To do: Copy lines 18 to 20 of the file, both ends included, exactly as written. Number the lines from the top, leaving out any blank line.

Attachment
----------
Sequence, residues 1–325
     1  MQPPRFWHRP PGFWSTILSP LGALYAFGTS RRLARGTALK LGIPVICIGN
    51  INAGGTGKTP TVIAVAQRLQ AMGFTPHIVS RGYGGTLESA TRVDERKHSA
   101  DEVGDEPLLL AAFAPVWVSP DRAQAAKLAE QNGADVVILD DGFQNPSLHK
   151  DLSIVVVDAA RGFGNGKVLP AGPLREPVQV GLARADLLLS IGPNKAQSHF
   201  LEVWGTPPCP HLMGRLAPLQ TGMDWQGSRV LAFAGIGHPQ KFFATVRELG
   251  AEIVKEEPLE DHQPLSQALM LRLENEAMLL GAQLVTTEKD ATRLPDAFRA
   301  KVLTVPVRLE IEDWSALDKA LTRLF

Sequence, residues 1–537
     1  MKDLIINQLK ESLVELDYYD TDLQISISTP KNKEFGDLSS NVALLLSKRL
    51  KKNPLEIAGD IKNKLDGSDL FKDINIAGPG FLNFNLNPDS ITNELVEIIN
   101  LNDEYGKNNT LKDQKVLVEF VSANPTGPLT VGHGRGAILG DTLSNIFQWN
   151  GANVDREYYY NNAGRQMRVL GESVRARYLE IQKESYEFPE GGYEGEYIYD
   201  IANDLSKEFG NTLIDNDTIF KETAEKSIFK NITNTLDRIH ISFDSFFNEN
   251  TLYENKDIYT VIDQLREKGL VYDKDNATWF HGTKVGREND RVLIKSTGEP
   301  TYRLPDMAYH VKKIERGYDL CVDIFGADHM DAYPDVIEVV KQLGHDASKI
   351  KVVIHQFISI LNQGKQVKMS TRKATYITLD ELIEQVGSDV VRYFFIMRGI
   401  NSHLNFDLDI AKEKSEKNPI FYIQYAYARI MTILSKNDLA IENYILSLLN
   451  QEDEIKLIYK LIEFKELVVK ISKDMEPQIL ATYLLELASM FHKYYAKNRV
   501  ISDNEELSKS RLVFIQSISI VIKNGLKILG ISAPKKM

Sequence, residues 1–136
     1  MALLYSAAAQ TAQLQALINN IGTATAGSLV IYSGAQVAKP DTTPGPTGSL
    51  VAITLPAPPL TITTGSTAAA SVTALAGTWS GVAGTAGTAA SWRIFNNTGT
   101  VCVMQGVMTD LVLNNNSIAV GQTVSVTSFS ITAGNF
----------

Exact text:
   401  NSHLNFDLDI AKEKSEKNPI FYIQYAYARI MTILSKNDLA IENYILSLLN
   451  QEDEIKLIYK LIEFKELVVK ISKDMEPQIL ATYLLELASM FHKYYAKNRV
   501  ISDNEELSKS RLVFIQSISI VIKNGLKILG ISAPKKM